Satrapi uses symbolism, anecdotes, and a strong motif of the unfair treatment and view of Iranians to help create a deep, true, emotional, and captivating story. Satrapi uses symbolism to give deeper meaning to her stories and make them more emotional. Many drawings in the memoir have a deeper meaning that isn’t immediately apparent, but that give more meaning to the current situation. A good example of a drawing like this can be found on page 71. The words accompanying the picture are “and so I was lost, without any bearings… What could be worse than that?” In the middle of the page is Marji, floating in space, and a loud speech bubble (probably her mother or father) saying “Marji, run to the basement! We’re being bombed!” The bottom returns to Marji’s point of view, where she simply states: “It was the beginning of the war.” What can the reader draw from this? This is the point in the book at which Marji’s life begins to lose it’s goodness.
When she says she’s lost, she means she doesn’t know what to believe. She’s just abandoned God (who, unsurprisingly, doesn’t show up for the rest of the book) and lost her one and only Unc. .erstand more about the situation, background, and the difficulties facing Iranians before, during, and after the war. Marjane Satrapi used symbolism, anecdotes, and motif to advance the plot of her graphic memoir Persepolis. Though the book is on some banned books lists, Persepolis contains many real-world themes and morals.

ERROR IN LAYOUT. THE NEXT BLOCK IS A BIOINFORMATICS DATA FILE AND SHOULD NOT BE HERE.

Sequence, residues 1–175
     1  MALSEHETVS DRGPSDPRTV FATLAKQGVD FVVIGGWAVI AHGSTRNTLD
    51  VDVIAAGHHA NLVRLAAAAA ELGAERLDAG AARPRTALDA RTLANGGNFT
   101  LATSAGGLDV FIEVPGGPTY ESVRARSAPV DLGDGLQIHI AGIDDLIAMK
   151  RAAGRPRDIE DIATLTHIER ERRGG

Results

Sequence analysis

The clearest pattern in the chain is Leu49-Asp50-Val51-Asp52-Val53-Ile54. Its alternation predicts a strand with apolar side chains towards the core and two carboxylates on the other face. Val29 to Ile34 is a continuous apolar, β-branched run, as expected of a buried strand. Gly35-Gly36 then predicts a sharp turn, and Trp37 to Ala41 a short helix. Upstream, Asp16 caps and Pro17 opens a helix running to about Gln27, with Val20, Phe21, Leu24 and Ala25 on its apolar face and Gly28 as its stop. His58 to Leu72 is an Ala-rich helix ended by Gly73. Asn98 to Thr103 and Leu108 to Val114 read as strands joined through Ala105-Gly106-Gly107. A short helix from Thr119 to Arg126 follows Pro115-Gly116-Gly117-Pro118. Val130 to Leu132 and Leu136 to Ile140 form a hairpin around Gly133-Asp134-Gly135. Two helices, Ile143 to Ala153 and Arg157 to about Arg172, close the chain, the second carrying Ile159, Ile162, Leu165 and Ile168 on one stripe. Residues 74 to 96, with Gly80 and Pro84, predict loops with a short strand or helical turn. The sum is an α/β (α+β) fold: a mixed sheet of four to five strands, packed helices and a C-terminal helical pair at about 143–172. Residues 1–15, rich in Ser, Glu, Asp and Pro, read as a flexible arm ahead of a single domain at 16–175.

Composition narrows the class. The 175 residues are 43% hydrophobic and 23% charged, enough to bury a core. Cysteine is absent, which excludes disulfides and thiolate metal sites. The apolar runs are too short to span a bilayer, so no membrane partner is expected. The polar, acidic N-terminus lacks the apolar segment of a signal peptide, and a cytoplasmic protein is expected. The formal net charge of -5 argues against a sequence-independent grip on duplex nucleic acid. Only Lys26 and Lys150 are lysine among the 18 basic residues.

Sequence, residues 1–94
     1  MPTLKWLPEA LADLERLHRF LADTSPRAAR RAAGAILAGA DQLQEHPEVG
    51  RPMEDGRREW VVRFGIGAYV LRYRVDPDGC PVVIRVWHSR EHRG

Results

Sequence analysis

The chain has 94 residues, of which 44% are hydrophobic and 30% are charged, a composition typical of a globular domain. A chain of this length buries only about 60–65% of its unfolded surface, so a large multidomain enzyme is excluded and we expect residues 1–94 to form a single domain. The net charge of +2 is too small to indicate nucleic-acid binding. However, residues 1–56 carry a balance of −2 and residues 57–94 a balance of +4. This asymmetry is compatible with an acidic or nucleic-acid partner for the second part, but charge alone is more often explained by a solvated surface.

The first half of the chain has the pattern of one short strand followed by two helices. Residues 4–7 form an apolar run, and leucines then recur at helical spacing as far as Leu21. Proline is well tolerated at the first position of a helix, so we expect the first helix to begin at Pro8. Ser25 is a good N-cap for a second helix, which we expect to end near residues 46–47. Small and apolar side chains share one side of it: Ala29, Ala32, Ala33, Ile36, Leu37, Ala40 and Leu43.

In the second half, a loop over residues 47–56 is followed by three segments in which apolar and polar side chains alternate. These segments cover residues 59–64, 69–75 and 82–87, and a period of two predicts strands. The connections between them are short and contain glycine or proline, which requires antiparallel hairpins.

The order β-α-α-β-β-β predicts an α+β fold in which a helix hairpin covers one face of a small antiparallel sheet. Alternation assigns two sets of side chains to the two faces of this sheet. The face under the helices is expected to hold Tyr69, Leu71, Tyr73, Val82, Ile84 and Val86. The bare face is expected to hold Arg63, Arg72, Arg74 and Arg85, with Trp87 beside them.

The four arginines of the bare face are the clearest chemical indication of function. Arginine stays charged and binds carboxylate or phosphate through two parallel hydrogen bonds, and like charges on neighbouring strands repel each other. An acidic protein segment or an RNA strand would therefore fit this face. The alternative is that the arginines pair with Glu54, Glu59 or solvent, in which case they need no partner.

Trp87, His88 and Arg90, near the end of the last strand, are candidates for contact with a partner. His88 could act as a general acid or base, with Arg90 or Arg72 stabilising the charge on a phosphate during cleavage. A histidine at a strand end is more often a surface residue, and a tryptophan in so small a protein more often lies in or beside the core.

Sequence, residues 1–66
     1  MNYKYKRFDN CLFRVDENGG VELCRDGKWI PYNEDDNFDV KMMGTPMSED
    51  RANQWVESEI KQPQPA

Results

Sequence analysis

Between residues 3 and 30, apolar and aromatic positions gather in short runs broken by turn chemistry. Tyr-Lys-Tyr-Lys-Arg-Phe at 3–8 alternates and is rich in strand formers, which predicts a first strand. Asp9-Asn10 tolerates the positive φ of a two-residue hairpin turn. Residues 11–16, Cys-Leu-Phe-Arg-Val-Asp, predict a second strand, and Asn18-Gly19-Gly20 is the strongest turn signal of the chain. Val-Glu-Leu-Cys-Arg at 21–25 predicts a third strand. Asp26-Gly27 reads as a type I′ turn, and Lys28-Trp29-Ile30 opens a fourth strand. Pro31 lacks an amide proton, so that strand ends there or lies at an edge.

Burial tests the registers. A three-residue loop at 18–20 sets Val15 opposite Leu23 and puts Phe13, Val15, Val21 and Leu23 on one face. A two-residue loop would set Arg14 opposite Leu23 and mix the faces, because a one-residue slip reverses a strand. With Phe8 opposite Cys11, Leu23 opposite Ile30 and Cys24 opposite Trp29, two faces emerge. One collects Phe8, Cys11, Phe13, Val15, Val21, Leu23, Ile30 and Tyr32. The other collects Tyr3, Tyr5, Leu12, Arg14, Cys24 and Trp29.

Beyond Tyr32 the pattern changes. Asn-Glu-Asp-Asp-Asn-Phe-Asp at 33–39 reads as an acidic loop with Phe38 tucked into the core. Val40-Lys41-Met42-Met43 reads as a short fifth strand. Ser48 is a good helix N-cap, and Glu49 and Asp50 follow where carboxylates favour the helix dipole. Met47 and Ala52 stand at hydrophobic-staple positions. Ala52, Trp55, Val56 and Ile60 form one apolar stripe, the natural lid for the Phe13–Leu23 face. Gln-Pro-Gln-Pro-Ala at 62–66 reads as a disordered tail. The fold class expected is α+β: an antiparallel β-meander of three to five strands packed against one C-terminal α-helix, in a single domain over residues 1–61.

The many awards the book has received can be partly credited to Satrapi’s use of literary devices. It is a book taught popularly in high school english classes because, oftentimes, it is one of the students’ first confrontations with Middle Eastern literature. In addition, it can be used to show the many freedoms, rights, and priveledges we take for granted here in the United States. Through the happy drawings and the sad drawings, Persepolis is a graphic memoir deserving of its recognition that will captivate the reader all the way through.